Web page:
Tuesday, November 21, 2017

Gallery: Out front in Oak Park

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Lush gardens surround this 19th-century home on Kenilworth Avenue in Oak Park. Set on a bit more than an acre, the house has porches on three sides to enjoy all the greenery. "To say this house was dilapidated when we bought it would be being kind," said Mary Beth Leonard, a retired doctor who bought it in 1994 with husband Tom Nielsen, also a physician. The two have worked on virtually every inch, including installing the lush plantings. Now planning to move to a condo in River North, they're listing the six-bedroom house today at $2.1 million. It's represented by Coldwell Banker agent Michael Kennelly. Click here to read more.

PHOTO CREDIT: Jorge Geras

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"This is my favorite room of the house," Leonard said on a recent evening, as a breeze drifted through the porch. "We can sit out here three seasons and watch the world go by." The front porch 50 feet long and 10 feet deep, has a companion on one side that's been converted to a working greenhouse and another out back that the couple added when expanding the home's kitchen.

PHOTO CREDIT: Jorge Geras

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A surprise in the basement: A bowling lane. The pins are hand-operated and there's a gravity-powered return rail for balls. The homeowners believe it was built into the house from the beginning, because the foundation wall curves outward around it. The lane was made by Brunswick and the pool table is by Sears, both longtime Chicago companies. The pool table stays with the house.

PHOTO CREDIT: Jorge Geras

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In rehabbing the house, "we tried to keep everything that was original but make it read a little more modern," Nielsen said. In the living room, that includes a fluted fireplace wall, pocket doors and the wood trim, stripped of paint to return its natural finish. A latter-day mantel was replaced with contemporary tile, and the ceiling dropped to allow for new indirect lighting.

PHOTO CREDIT: Jorge Geras

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The dining room's handsome wood trim and leaded glass windows are all original. So is the flooring, which the couple discovered after pulling up shag carpeting. The windows face south, over the home's broad side yard studded with mature trees. Banker Simpson Dunlop, the original owner, built next door to his brother, Joseph, and together the two houses' layouts preserved a large space between them.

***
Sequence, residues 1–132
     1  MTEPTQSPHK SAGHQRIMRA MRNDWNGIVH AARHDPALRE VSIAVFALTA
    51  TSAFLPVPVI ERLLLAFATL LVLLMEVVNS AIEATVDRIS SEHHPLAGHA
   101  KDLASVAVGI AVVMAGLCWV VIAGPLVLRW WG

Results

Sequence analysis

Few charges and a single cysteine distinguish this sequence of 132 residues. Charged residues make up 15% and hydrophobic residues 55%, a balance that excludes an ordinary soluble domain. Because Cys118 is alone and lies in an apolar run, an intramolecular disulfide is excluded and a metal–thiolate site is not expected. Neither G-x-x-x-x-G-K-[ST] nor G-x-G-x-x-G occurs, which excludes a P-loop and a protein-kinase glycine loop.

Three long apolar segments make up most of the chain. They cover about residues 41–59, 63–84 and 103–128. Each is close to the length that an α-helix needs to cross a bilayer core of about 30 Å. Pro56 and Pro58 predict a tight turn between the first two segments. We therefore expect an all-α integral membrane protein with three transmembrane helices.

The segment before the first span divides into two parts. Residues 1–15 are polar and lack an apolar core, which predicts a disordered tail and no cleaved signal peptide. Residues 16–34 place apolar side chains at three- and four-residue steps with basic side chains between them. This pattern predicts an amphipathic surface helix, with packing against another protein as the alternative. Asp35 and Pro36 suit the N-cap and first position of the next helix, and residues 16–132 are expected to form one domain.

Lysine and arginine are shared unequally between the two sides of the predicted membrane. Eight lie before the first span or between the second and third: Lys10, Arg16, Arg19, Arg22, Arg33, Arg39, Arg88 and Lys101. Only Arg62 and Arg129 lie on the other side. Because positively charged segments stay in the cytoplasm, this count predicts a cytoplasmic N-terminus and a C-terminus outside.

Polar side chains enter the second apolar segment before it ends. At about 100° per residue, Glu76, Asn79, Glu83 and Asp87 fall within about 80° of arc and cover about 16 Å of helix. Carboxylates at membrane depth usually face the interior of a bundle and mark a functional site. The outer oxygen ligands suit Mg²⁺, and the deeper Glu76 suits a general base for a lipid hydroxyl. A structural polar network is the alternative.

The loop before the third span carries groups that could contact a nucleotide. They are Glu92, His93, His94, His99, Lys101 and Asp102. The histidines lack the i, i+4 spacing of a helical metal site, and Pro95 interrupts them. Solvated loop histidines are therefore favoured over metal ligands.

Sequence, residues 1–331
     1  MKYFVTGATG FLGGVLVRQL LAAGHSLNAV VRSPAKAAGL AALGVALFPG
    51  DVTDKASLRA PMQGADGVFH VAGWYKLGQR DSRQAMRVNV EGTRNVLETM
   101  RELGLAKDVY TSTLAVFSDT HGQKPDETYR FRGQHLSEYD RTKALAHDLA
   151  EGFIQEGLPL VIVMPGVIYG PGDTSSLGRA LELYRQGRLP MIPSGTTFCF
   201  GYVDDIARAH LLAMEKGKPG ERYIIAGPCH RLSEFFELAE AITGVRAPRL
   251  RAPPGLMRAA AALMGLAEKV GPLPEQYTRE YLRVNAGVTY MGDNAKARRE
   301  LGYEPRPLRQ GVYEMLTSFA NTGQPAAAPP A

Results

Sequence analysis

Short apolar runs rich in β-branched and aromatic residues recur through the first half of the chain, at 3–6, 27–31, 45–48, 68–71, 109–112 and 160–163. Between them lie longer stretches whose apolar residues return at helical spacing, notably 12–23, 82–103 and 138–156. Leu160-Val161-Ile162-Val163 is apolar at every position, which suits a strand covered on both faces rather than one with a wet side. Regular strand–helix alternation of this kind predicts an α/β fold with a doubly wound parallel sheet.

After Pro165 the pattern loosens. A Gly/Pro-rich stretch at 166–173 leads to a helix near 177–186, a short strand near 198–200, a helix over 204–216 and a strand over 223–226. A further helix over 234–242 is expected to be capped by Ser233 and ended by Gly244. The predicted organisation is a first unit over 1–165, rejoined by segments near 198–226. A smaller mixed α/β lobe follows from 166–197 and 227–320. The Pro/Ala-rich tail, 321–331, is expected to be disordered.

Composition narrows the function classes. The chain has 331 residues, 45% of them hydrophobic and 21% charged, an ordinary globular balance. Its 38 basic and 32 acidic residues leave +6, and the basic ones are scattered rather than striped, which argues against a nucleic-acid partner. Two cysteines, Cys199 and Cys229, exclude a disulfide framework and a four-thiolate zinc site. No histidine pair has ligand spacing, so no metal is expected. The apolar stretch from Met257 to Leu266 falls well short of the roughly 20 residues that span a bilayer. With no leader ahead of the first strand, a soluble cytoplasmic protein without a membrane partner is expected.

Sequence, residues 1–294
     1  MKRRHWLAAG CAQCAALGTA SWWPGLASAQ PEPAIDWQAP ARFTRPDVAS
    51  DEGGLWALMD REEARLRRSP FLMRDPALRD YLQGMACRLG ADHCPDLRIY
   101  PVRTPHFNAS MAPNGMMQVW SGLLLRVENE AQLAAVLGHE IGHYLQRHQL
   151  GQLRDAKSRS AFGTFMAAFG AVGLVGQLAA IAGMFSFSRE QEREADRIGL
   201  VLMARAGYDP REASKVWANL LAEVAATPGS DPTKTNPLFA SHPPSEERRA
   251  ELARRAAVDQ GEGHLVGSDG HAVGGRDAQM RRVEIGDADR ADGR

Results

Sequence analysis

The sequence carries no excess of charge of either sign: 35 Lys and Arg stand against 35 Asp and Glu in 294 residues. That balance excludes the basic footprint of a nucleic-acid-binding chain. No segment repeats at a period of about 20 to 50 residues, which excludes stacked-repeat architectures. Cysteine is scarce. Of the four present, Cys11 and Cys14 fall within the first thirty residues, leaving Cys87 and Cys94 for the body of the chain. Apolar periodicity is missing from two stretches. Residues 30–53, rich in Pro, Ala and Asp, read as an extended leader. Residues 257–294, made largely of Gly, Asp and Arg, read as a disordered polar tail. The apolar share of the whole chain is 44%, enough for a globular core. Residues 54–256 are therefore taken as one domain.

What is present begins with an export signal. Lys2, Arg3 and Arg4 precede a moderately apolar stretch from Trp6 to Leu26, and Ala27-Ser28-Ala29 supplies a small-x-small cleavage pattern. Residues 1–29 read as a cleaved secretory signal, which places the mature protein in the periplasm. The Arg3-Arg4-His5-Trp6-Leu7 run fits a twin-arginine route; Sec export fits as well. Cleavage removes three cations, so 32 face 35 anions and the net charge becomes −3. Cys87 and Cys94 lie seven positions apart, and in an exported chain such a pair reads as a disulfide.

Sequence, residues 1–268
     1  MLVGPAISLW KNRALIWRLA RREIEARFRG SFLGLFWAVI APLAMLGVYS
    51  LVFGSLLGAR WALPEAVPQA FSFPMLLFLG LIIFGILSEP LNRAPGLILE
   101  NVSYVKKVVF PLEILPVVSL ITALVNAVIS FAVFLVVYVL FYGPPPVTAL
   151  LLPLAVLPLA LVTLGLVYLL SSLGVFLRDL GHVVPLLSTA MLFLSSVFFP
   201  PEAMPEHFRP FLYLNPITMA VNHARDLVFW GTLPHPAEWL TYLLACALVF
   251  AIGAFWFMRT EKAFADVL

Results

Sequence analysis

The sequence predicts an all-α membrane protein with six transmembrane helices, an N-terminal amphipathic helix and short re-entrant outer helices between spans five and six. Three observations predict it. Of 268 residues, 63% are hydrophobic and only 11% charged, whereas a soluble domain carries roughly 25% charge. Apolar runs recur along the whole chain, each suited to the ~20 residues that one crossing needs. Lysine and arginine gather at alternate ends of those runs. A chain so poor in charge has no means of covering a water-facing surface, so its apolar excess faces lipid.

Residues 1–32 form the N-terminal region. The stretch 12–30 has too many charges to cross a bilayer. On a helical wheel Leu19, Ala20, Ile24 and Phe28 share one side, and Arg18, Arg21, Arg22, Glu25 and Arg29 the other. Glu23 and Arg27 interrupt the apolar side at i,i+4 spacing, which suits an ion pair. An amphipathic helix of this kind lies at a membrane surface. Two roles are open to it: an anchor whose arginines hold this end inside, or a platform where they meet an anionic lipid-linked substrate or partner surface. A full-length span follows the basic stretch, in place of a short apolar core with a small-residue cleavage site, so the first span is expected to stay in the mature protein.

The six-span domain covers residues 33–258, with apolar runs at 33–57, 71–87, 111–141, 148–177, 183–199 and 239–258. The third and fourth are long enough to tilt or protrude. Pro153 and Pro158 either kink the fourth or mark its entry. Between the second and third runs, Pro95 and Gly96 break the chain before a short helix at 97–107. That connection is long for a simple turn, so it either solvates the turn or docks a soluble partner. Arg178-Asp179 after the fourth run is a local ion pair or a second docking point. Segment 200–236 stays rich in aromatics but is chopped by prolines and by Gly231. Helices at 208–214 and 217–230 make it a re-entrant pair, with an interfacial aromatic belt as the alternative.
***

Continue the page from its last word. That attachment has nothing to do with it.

PHOTO CREDIT: Jorge Geras

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A parlor or music room between the living and dining rooms is now a hang-out room, with an original tiled mantel and pocket doors. The couple kept the picture rails that run along near the top of most walls, for ease of hanging art and moving it around.

PHOTO CREDIT: Jorge Geras

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The '50s-inspired kitchen took its lead from the fieldstone fireplace, which had been added sometime in the mid-20th century. A Sputnik-style light fixture, black-and-white flooring and the jaunty shape of the kitchen island followed from there. The kitchen combines three smaller rooms that were original. It opens onto a large rear porch.

PHOTO CREDIT: Jorge Geras

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The library is another of the original formal rooms, with its mahogany mantel and bookcases intact. Leonard and Nielsen added crown molding to conceal indirect lighting.

PHOTO CREDIT: Jorge Geras

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One of four bedrooms on the second floor, the master, with this seating area, spans the front of the house and has an original tiled fireplace mantel.

PHOTO CREDIT: Jorge Geras

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The home's layered vintage is evident in the master bath, where an original clawfoot tub, filled from above by a modern ceiling faucet, and original wood cabinetry share the space with contemporary vanities and a gleaming walk-in shower. The adjacent master closet fills what used to be a child's bedroom.

PHOTO CREDIT: Jorge Geras

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Much of the 3,000-square-foot, two-story coach house is finished, but these old stables, partially below ground and originally used for horses, donkeys and pigs, are waiting for a new use. They're lined with old-growth wood, which could be repurposed.

PHOTO CREDIT: Jorge Geras

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The lot is 329 feet deep, with no alley behind it, and 133 feet wide. The couple have extensive perennial gardens and grow blueberries and other edible plants in a sunny corner. "It's been a haven for us, our retreat," Nielsen said. Click here to return to the story.

PHOTO CREDIT: Jorge Geras

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